Justin Rogers

Justin Rogers is a poet, educator, coach and venue owner from the city of Detroit, Michigan.  Rogers is an advocate for literacy among inner-city youth, and the amplification of Black voices.  Still performing around the Mid-West and teaching poetry with InsideOut Literary Arts, Rogers actively shares poems surrounding living and growing as a Black man in America.  Rogers most recently has work published or forthcoming in APIARY Magazine, Mobius Magazine, and Tinderbox Poetry Journal.




After Aracelis Girmay


Five stories into dawning sky

here in the crusted bucket seat

of my cracking car’s catalytic converter

is a stolen hum. Here is humming

over the Detroit skyline­­

an orange pool of silk atmosphere

tainting a burning heap of rusted metal. Here

is the world’s largest incinerator

trying its flames damndest to

look like every lip pierced

purple haired penthouse

developed city it is not.

Here is ignoring waves of ‘good hair’

“pretty eyes with my glasses off”

“pale skin, even in the summer.”

Here is shopping for hipster clothing.

Here are closed family businesses

replaced by vegan chain restaurants.

Here is giving up meat.

Here is a love for coffee and

coffee houses and weed and live indie bands.

Here is forgetting my neighborhood and

being afraid to return there.

Here is realizing the blackness

ashing over my mulatto skin.

Here is being too ashamed

of my family’s Polish heritage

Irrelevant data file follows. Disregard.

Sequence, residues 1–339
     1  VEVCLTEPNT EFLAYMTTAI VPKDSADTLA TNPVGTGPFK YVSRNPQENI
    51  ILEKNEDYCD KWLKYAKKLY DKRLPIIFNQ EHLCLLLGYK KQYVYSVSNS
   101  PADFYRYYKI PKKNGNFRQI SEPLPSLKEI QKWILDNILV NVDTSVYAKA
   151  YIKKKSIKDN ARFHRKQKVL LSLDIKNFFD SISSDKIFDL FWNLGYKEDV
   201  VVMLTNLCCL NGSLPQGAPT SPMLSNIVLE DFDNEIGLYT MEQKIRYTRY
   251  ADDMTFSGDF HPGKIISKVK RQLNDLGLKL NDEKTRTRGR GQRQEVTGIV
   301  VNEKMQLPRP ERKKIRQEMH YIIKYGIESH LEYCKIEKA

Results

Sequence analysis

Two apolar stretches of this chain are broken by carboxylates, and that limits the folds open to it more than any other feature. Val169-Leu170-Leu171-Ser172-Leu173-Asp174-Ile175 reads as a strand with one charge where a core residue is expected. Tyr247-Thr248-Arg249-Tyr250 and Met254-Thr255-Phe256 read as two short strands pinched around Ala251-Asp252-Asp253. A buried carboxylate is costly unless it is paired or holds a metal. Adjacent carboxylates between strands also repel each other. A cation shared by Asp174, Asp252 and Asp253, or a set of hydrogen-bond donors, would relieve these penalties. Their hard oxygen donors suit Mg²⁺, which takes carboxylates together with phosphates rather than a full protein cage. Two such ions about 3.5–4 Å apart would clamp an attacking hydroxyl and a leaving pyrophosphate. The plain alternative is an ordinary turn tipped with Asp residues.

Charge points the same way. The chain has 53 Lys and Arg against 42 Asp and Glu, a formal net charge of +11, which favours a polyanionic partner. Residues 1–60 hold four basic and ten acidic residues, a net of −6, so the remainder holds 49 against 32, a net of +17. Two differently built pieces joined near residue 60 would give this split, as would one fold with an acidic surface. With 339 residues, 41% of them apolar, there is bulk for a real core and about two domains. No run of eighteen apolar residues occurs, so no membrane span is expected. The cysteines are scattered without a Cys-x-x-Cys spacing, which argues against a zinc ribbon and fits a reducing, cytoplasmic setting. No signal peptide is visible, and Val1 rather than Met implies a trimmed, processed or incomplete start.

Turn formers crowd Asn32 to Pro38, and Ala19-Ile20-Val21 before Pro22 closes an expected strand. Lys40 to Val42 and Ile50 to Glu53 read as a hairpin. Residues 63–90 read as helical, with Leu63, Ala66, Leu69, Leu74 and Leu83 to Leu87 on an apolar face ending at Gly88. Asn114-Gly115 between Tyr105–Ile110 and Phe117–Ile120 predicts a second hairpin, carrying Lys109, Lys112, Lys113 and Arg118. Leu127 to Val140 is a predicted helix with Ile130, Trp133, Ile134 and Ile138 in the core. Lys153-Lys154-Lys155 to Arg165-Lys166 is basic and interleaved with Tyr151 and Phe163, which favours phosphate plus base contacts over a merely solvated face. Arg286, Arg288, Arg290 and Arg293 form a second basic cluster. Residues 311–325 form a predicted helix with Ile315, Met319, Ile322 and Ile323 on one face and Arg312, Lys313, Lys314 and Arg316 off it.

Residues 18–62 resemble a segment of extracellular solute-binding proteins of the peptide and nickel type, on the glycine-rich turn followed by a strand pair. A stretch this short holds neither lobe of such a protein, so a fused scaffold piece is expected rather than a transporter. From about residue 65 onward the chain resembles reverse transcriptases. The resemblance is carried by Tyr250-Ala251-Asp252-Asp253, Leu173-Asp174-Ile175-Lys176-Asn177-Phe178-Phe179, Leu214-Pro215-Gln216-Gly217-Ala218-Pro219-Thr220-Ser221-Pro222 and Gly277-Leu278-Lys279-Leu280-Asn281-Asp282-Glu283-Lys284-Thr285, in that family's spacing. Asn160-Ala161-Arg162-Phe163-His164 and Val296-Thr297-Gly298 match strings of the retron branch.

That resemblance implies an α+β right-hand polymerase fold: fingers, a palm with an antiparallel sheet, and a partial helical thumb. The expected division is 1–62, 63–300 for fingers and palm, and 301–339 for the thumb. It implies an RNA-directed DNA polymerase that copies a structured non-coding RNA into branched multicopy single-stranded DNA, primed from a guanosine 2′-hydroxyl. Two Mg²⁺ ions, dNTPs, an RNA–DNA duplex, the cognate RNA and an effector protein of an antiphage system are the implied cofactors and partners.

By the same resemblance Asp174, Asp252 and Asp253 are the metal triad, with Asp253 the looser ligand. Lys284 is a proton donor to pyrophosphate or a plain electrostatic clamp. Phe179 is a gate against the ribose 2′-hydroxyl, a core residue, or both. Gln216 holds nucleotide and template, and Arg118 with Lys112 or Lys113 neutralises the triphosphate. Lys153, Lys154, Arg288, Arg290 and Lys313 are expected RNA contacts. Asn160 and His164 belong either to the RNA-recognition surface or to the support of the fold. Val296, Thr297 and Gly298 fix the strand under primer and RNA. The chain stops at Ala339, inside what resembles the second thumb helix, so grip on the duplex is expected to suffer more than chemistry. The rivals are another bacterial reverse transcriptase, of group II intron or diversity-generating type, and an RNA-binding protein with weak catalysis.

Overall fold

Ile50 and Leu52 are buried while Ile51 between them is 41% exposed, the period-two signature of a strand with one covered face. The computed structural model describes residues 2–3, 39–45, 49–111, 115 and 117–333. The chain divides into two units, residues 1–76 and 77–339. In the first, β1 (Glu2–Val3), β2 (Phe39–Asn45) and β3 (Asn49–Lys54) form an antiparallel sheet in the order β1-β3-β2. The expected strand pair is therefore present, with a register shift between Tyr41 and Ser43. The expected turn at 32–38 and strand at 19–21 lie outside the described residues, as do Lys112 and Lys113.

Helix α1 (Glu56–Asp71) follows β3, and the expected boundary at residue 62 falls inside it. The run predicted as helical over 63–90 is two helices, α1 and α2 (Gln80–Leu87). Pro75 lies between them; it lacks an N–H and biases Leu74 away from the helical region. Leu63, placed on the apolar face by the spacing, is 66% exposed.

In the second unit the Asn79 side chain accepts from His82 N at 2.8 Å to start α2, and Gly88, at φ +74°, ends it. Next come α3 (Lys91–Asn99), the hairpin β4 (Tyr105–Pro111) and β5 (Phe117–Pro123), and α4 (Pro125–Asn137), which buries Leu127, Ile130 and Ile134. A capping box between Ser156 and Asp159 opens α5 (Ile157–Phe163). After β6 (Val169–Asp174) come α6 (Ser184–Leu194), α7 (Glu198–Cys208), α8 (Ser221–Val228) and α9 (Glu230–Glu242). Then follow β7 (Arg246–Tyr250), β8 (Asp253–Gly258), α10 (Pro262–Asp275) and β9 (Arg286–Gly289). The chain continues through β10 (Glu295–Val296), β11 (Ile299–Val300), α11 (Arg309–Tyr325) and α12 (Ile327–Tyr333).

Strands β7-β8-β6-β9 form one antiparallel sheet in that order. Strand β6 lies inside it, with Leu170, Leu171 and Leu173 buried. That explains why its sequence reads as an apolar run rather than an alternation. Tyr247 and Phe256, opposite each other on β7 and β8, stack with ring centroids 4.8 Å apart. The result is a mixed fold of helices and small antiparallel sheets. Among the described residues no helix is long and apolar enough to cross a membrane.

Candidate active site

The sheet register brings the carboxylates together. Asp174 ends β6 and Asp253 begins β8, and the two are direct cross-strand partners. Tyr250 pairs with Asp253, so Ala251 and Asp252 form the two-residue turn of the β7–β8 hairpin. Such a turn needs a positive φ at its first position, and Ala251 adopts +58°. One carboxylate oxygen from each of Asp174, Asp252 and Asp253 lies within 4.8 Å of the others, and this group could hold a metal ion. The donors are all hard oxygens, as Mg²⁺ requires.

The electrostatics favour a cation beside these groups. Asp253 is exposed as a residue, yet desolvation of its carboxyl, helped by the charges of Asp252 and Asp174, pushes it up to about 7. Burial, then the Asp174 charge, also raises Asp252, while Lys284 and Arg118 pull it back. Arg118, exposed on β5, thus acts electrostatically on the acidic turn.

to take my grandmother’s invitations

to return home seriously. Here is

going home feeling like failing.

Here is avoiding anecdotes

referring to Poland or the Atlantic

or what owning a home in this neighborhood

used to mean or how women

didn’t go to college in the 60’s

or how my grandmother ran away

or how she had a little girl

by a black man in San Francisco.

Here is never hearing the relationship shunned.

Here is still checking “Other”

in the options for my race.

Here is Kielbasa and Fried Chicken.

Here is slavery and Holocaust

Catholic and Christian Jesus calling me

Here is no one knowing His race either.

Here is knowing my savior’s skin

would not help anything.

Here is my skin granting me

minimum wage temporary jobs

for which my degree claims I am overqualified.

Here is driving Interstate 94 daily

just to see the world’s largest incinerator burn

everything except my crack decayed city.

Here is gentrification.

Hoping I am mixed enough.

Here is not being anything enough.

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